Sunday, October 9, 2016
On Thursday, Pakistan’s parliament announced a bill has been passed against the practice of honour killing. Per the legislation, those convicted of honour killing would be imprisoned for 25 years to life.
In the practice of honour killing, men had the right to kill a female relative deemed to have brought dishonour to the family. Thus, murderers could avoid death-for-death Qisas ((ar))Arabic: ?retribution in kind by paying blood money according to Diyya ((ar))Arabic: ?blood money in Shari’a law.
The legislation, which was jointly approved by upper and lower parliament, allows the perpetrator to avoid the death penalty if the victim’s family forgives him, but the convict still faces imprisonment.
Last year, more than 1000 honour killing cases were reported in Pakistan. The legislation was presented as eliminating loopholes from past legislation against honour-killing. Pakistani human rights activist Farzana Bari noted the judge has unrestricted power to choose whether the murder qualifies as honour killing.
Asserting in parliament that 17,000 females in Pakistan have eloped since 2014, Conservative senator Hafiz Hamdulla later told the Associated Press, “They are trying to impose Western culture over here. We will not allow […] We will impose the law that our holy Quran and Sunnah say”.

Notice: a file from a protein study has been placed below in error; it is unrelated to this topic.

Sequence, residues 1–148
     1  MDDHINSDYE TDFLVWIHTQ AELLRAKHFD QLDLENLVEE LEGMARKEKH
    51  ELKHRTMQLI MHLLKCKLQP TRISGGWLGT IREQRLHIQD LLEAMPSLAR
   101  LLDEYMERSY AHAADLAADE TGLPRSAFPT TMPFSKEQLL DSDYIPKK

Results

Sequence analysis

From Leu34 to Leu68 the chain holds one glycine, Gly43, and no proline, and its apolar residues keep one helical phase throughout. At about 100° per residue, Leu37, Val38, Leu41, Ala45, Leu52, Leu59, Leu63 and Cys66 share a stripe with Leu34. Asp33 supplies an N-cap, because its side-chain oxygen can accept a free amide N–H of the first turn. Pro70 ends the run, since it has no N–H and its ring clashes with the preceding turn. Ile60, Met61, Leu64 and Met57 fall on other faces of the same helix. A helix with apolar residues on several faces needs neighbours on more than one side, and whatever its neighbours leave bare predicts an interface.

The parliament also passed an anti-rape law mandating a DNA test. According to Shari’a law, proof of rape calls for multiple eyewitnesses. According to the legislation, the rapist of a minor or disabled person would face life imprisonment or a death sentence.
After the bill against honour killing was passed, Pakistani Prime Minister Nawaz Sharif said, “Women are the most essential part of our society and I believe in their empowerment, protection and emancipation.”